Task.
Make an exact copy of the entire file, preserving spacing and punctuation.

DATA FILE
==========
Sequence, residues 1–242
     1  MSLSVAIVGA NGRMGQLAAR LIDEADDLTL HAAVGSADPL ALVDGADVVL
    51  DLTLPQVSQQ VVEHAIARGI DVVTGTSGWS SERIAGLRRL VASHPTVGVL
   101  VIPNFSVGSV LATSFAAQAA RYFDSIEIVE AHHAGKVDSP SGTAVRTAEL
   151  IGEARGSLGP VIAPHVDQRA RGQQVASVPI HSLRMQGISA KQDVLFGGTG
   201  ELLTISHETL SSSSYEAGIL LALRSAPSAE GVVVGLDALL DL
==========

Sequence, residues 1–242
     1  MSLSVAIVGA NGRMGQLAAR LIDEADDLTL HAAVGSADPL ALVDGADVVL
    51  DLTLPQVSQQ VVEHAIARGI DVVTGTSGWS SERIAGLRRL VASHPTVGVL
   101  VIPNFSVGSV LATSFAAQAA RYFDSIEIVE AHHAGKVDSP SGTAVRTAEL
   151  IGEARGSLGP VIAPHVDQRA RGQQVASVPI HSLRMQGISA KQDVLFGGTG
   201  ELLTISHETL SSSSYEAGIL LALRSAPSAE GVVVGLDALL DL